Whether it is tiresome housework or the emergency repair of the washing machine – many of us have undoubtedly wished for a helping hand in everyday life that is always on the spot quickly. In Detroit: Become Human this dream will come true in 2038. Human-like androids are taking more and more work off our hands in both our private and business lives. It is practical, but it also leads to discontent among many. Many citizens have lost their jobs as a result.
A thin line between human and machines
We could already play the first two hours of the dark action adventure and alternately slipped into the roles of three androids, whose stories we play in short sequences of about 15 to 20 minutes each. As special investigator Connor we end a hostage-taking, then as maid Kara bring the trashed house up to scratch for our owner and experiment next with caretaker Markus on behalf of an artist with brush and color palette.
Right from the start, we feel like the humanoid robots, whose expression and facial expressions maintain a right balance between man and machine. However, our environment diabolizes us as non-humans and continually throws us hateful comments such as “Get away, you piece of plastic” and “Why didn’t you send a real person? ” to the artificial head.
But we don’t let ourselves be deterred by the numerous rabid citizens, and at least at the beginning of the game, we follow the tasks that our owner has assigned us. With R2 we activate a kind of radar that illuminates essential objects in our surroundings. The control and camera are quite hooky, which fits the robot theme of the game, but often takes us out of the game as we examine the environment.
As androids, we naturally also have real-time access to modern technology – elegantly integrated through displays in the game world. For example, thanks to a virtual database, Conner can determine the appropriate weapon type and the owner of a found pistol within seconds at the scene of the crime. If we analyze enough clues, the AI can even reconstruct the course of events abstractly and rewind forward and backward moment by moment.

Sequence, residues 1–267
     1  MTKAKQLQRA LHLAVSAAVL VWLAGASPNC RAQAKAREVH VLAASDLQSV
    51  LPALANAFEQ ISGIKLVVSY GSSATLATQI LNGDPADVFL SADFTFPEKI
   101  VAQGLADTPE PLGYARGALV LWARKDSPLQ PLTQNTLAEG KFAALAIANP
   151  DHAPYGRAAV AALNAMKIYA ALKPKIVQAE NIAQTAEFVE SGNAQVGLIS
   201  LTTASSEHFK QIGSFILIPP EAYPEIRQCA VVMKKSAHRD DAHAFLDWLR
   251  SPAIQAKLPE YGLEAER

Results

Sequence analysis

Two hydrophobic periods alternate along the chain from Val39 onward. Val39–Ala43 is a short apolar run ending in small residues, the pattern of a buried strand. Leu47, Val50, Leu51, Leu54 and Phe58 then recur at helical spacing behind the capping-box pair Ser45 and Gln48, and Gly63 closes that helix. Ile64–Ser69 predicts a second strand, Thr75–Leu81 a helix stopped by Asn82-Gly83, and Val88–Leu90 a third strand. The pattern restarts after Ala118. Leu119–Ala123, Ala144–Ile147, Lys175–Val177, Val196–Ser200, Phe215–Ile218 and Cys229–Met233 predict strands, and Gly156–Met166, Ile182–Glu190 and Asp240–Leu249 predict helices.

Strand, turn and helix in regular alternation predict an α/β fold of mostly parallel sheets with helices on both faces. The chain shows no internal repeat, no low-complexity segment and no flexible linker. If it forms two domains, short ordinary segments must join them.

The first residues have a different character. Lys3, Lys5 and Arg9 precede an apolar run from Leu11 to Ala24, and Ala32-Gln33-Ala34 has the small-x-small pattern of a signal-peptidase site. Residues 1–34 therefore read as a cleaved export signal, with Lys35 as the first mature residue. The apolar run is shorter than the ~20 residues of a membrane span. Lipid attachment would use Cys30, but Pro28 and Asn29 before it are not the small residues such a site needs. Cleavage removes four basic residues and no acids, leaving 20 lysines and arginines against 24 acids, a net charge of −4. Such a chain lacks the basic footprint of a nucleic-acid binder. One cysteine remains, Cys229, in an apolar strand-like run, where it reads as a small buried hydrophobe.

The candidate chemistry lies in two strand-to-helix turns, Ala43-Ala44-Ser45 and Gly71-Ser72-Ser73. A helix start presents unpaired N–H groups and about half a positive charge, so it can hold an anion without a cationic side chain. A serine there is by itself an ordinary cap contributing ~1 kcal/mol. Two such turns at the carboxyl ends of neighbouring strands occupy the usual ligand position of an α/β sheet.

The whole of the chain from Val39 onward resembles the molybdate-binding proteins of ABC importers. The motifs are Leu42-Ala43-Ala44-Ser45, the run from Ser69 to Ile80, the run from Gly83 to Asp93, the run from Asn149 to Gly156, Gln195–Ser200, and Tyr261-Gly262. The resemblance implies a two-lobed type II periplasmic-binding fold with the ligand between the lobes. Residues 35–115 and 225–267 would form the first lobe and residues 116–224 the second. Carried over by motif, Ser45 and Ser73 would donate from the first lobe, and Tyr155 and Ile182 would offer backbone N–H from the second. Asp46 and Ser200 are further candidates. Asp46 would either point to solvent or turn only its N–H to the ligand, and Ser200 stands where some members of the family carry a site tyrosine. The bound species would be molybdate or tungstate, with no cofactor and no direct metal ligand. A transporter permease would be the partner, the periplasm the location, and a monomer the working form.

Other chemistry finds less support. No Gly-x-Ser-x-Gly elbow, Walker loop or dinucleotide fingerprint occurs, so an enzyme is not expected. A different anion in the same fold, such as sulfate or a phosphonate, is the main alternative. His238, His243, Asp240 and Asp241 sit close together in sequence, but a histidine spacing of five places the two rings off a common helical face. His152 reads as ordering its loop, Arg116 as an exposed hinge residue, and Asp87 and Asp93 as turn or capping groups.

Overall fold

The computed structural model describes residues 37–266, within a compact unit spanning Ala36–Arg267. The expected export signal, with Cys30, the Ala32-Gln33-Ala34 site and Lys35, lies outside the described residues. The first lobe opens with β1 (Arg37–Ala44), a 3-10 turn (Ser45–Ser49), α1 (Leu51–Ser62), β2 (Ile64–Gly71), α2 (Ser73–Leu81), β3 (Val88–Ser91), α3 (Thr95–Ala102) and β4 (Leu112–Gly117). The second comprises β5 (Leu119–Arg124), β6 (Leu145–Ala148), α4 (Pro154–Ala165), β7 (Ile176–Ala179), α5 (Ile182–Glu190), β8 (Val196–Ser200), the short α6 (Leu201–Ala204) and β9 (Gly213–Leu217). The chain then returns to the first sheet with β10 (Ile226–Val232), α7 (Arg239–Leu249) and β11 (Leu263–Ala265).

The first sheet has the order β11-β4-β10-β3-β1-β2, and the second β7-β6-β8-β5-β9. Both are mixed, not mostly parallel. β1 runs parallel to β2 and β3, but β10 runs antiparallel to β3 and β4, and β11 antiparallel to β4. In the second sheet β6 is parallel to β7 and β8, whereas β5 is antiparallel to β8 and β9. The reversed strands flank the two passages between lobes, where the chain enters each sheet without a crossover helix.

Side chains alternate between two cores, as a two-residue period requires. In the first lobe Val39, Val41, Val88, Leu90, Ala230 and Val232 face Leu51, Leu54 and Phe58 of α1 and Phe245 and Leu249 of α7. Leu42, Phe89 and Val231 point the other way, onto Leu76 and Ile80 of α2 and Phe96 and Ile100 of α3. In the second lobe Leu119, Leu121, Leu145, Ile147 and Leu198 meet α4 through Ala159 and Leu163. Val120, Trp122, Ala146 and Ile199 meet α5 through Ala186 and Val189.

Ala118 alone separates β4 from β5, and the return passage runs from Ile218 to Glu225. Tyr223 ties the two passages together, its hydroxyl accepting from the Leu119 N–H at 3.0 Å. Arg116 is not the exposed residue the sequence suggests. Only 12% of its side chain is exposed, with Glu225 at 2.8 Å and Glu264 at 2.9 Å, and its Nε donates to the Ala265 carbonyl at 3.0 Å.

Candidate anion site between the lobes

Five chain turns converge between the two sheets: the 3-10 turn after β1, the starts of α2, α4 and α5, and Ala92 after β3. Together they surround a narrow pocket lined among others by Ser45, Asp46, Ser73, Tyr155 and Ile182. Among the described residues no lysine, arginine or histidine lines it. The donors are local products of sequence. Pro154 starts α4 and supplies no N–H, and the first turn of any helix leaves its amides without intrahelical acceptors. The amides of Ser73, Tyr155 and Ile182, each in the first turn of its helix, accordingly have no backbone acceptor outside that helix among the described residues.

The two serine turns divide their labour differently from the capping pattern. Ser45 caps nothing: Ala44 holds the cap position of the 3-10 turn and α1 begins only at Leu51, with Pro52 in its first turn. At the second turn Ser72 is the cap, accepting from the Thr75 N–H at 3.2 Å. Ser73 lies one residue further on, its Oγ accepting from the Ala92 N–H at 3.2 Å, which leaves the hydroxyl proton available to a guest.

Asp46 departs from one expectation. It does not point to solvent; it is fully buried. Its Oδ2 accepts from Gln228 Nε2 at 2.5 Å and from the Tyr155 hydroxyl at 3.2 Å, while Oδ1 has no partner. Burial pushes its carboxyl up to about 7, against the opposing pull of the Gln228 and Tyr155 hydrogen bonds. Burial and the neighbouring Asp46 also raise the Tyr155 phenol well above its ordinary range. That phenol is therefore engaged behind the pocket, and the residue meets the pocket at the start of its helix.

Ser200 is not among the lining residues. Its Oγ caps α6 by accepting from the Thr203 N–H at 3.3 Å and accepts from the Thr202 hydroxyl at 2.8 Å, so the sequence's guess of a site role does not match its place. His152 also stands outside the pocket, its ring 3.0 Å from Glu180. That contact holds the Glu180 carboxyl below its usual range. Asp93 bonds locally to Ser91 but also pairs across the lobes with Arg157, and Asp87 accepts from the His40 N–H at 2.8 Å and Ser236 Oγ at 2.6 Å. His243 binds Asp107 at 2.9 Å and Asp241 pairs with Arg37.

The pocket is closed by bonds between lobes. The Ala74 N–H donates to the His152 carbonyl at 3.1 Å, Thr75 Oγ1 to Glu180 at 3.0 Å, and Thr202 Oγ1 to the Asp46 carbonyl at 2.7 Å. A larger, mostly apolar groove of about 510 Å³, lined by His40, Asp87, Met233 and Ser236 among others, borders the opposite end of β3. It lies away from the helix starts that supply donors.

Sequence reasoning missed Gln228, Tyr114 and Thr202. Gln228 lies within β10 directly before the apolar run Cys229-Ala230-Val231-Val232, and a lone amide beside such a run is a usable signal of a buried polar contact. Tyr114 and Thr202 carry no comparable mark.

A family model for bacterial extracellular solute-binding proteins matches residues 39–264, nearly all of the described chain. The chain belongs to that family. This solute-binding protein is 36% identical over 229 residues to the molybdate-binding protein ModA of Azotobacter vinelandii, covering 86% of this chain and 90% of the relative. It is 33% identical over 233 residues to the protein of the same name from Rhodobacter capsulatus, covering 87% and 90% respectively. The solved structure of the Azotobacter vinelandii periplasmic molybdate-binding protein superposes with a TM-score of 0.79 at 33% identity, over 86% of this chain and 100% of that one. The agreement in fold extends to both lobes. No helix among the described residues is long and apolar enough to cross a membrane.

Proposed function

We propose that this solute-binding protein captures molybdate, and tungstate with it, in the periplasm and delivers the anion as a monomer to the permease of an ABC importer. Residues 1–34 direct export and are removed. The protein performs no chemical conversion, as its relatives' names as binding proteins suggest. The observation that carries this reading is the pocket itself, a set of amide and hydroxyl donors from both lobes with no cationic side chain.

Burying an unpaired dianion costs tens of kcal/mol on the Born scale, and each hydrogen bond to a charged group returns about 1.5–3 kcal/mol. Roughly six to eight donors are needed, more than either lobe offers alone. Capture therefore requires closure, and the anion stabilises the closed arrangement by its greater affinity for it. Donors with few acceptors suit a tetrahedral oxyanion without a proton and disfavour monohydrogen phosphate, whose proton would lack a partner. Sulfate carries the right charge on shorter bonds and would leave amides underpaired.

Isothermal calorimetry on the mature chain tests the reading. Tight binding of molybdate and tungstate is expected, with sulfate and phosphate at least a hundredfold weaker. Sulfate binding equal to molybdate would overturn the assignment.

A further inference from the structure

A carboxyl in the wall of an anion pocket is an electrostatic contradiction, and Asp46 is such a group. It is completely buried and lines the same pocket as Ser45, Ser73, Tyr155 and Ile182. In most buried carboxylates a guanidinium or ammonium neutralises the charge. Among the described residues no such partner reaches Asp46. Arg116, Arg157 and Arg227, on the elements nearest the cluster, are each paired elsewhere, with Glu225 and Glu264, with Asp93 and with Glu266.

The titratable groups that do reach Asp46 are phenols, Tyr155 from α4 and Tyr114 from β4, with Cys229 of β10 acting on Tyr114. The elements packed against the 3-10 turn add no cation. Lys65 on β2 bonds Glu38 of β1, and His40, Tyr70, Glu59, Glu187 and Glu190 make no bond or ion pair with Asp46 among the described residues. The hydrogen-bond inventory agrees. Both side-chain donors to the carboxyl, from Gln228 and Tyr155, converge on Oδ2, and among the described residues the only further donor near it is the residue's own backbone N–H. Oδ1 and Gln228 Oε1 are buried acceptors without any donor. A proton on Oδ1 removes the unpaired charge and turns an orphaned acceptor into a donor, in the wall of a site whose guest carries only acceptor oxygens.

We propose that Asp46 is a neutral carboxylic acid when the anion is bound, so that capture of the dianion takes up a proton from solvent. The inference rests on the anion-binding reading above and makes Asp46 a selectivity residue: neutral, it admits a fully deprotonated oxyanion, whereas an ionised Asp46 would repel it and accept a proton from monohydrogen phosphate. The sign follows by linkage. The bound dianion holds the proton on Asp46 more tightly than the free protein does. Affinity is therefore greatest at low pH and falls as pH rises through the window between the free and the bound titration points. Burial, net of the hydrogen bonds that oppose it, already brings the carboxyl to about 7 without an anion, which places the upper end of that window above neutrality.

At the same time, Detroit doesn’t want to drift too much in the direction of wacky sci-fi thrillers but instead focuses on a realistic scenario. The primary technical approaches predicted by the game already exist. No one is surprised today when a drone flies above him and more and more AI systems like Siri and Alexa are entering our living rooms.
The branched story with far-reaching decisions
With Heavy Rain and Beyond: Two Souls, the developers of Quantic Dream have already proven that storytelling and ambitious choices are significant to them. Detroit also wants to focus on the branched story, in which androids deviate from their programming, become increasingly human and try to break out of their previous role in society. However, we only saw the first signs of this during our audition. In the early two hours, Detroit introduces us to the dystopian world and introduces all characters.
At the end of each sequence, we also see in a detailed graphic what decisions we have made and compare them with other players worldwide. Did we stand in the way of the violent father to protect the daughter? Maybe we even escaped with the girl? Or have we not moved as ordered?
What does it mean to be human? The question raised by Detroit is not new. Films like Ex Machina and Her also take up the same theme. The artificially created androids Markus, Kara, and Connor, are much more appealing to me in the new Quantic Dream adventure than all the human NPCs in the game. Which at least at the beginning are depicted negatively and skeptically.
The alternating sequences with the different characters have a good rhythm – even if it was annoying at the beginning that I had to continue playing with another character after a cliffhanger. But the frustration was soon forgotten because the action adventure game already aroused my interest in the fates of all three androids in the first hour of play. Although the camera and controls should have been a bit more modern, Detroit has made me curious for more with the realistic future scenario and chic game mechanics like organic quests faded into the game world.
If you’re a fan of Lara Croft, you should check our Shadow of the Tomb Raider preview here.